LSU Produces Wonderlic Phenom

Anyone that has read my articles over the past few years should know how I feel about the football program at LSU.  For those of you who are unfamiliar, I think it is a joke that they are called “student” athletes at LSU.  Morris Claiborne is a startling example of my stigma as he scored a 4 out of 50 on the NFL’s Wonderlic test.

The Wonderlic test, though not the toughest test, is meant to stump even the smartest of men with an increasing scale of difficulty to the question.  Physicist average a score of 48, chemist score 31, and historians  score a 36.  Claiborne got 46 questions out of 50 wrong.  Security guards average a score 3 times higher than Claiborne’s.  Vince Young, a man who hasn’t stunned anyone with his brightness, scored a 6.

Now, I have no intention of rambling on about Claiborne and his score because I don’t know the kid and I don’t want to drag him through the mud, but I do want to ask one question.  How did he get accepted into a major university?  Derrick Rose had to have someone take his SAT’s for him just to get into Memphis, a school I never paid attention too before Rose took them to the Final Four.  This kid answered 4 questions correctly on a test that isn’t as hard as the SAT.  How did he qualify for a scholarship?  How did he graduate high school?

I personally feel that, though situations like this happen all around college sports,  LSU produces more intellectually challenged individuals than any other program in the country.  Jamarcus Russel  is a former alum and possibly one of the dumbest men on the planet.  I know that there are some fine students and student athletes on the LSU campus, but why is it that the special athletes can’t be special in the classroom as well?

I played football at the division 2 level.  For 3 years I practiced 5 days a week while going to classes.  I was never a model student, but I graduated with a 3.0 in my major.  Division 2 athletes are the same as division 1 athletes when it comes to their dreams of playing professional football.  I know for a fact that not one member of the teams I was a part of would have scored as badly as Claiborne did on the Wonderlic.  Why couldn’t one of us have had the opportunity to go to a better college to play ball?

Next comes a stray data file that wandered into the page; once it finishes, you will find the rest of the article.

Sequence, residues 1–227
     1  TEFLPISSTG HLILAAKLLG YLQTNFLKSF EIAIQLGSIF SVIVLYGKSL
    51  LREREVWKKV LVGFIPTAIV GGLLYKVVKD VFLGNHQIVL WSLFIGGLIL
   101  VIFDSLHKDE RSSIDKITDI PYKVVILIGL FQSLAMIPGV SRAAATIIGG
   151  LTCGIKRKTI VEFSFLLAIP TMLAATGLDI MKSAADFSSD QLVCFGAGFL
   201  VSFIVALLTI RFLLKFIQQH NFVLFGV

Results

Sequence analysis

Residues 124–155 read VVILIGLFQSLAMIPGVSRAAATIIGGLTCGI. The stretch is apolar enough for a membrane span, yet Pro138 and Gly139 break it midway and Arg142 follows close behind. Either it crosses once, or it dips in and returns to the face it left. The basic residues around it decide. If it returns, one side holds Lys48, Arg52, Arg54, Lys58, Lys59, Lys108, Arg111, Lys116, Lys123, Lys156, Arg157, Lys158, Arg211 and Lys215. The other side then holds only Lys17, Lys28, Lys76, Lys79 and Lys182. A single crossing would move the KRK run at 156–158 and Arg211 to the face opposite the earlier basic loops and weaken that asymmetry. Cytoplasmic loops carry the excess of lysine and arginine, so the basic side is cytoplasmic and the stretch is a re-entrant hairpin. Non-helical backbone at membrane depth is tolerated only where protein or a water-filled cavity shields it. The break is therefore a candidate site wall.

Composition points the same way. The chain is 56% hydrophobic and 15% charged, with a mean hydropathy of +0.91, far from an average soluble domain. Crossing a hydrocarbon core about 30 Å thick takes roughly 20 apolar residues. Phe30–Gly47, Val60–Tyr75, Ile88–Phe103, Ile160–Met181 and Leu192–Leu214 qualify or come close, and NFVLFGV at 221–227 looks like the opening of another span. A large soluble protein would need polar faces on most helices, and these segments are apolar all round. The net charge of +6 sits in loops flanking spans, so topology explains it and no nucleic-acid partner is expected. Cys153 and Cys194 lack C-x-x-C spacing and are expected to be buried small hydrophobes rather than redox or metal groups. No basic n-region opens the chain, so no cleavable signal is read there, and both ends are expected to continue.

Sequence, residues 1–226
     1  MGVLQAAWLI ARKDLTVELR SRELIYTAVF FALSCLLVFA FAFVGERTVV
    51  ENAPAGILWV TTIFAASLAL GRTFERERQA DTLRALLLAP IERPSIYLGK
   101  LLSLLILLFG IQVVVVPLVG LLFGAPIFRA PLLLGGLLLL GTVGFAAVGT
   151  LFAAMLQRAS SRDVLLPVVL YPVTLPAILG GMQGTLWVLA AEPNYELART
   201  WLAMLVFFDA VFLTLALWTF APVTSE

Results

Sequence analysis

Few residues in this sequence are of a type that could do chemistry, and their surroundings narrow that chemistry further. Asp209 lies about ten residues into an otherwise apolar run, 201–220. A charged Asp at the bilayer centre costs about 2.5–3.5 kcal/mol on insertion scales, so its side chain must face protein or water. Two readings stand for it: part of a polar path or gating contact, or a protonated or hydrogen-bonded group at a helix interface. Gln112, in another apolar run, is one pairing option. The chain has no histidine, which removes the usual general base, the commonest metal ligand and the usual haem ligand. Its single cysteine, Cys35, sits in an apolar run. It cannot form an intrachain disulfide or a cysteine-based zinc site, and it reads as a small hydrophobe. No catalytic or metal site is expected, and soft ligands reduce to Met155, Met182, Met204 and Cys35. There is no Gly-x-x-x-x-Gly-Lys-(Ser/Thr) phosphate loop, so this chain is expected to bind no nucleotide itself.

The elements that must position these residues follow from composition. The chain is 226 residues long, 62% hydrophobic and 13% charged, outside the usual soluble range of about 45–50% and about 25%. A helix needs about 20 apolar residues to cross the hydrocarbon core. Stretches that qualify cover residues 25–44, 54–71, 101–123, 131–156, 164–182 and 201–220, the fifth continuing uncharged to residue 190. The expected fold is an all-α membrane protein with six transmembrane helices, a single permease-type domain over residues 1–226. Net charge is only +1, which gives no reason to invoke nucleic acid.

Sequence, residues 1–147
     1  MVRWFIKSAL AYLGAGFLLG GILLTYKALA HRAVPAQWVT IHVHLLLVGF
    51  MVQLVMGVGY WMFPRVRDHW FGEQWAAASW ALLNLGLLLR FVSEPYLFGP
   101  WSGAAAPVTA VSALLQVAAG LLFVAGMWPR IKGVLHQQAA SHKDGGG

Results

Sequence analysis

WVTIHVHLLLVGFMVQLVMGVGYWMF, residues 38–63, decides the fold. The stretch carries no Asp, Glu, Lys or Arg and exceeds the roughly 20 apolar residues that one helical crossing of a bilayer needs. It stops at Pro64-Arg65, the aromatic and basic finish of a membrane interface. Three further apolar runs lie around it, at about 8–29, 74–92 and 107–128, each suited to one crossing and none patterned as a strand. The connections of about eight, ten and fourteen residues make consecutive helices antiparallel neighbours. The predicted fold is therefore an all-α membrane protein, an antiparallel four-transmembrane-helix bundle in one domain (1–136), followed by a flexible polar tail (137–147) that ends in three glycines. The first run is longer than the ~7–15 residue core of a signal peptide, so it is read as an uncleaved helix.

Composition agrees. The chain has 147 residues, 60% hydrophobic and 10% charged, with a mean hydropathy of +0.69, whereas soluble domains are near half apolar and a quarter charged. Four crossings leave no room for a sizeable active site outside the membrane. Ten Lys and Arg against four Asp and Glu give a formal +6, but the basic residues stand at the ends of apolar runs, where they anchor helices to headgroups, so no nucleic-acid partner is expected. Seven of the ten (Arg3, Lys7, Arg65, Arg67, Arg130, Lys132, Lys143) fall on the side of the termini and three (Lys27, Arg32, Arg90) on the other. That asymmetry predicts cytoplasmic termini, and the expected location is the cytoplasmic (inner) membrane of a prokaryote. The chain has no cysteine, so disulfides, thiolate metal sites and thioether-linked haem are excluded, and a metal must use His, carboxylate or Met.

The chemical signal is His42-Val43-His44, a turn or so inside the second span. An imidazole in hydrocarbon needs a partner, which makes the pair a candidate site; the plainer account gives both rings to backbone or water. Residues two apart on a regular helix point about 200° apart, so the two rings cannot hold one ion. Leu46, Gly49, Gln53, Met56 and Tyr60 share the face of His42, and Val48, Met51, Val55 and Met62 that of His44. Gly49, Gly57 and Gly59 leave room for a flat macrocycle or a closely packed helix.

It is upsetting to me that opportunities are given to those that haven’t earned them.  You don’t earn a free education on the football field unless you can back up your athleticism with decent academic gains.   I’m willing to say that Claiborne never set foot in a classroom during his 3 or more years in college.  It isn’t possible for an educated individual to score a 4 on the Wonderlic test and I hope that all that score that low are revealed and institutions investigated for their “student” athletes poor performances on the test.

About Chris Canavan

I am an athlete that loves to talk sports. My expertise is in football; I played for ten years and 3 were in college. Throughout my life I have competed seriously in baseball, basketball, hockey, and rugby. I try to comment on current stories in sports and add a fresh opinion to them. I welcome other opinions and want to be interactive with my readers. So, leave comments and let me know what you think.

Comments

  1. Cimmaron says:

    Chris, good article. It always amazed me how some folks can play for 4 or 5 or 6 years on the college level and then not graduate. Winning is everything to some. I understand Marino got a 16 on the Wonderlic test. Maybe this is why he forgot what his handicap was when he ‘won’ the ATT ProAm at Peeble Beach. He can no longer play in the tournament. Ability can be measured in many ways but I do agree those of limited ability shouldn’t be getting a full ride scholarship that should be reserved for Scholars and not Jocks. The NCAA could institute a program that would cover all their Zillion Dollar Bases. They could have a contest to come up with a name for the program…winnner gets a full ride scholarship to USC. : )

    • Cimmaron says:

      Sorry about the gaff in facts about Marino. There were rumors of low handicap for him (he stated his was 15) but was not barred from playing in the Pro Am.

      “Dan Marino was an eight-time NFL All Pro quarterback with the Miami Dolphins, and in 1984 was the league’s MVP. Marino got to the Super Bowl just once and lost to the 49ers Dan was inducted into the Pro Football Hall of Fame in 2005. Marino plays to a two handicap. He has had a round of 65, scored a hole-in-one, and made a double eagle.”

      It would seem like maybe Dan just had a good round when he and Pohl Won the ProAm.

    • I don’t have a problem with these kids getting the scholarships. I have a problem with schools not enforcing the guidelines of the scholarships. It should be embarrassing to the player, but more importantly, it should be disgraceful to the university when news like this gets out. They are supposed to get a free education because of their particular talents so make them get the education. In the long run both the universities and the athletes would benefit.

  2. Howdy! I know this is somewhat off topic but I was wondering if you knew where I could get a captcha plugin for my comment form?

    I’m using the same blog platform as yours and I’m having problems finding one?
    Thanks a lot!

    • The only comment plugin I use is STC-Comments. I’m not really sure what you’re looking for. In any case, I would appreciate that any other questions that you have about the site be directed to me through email instead of comments on articles. Thank you.

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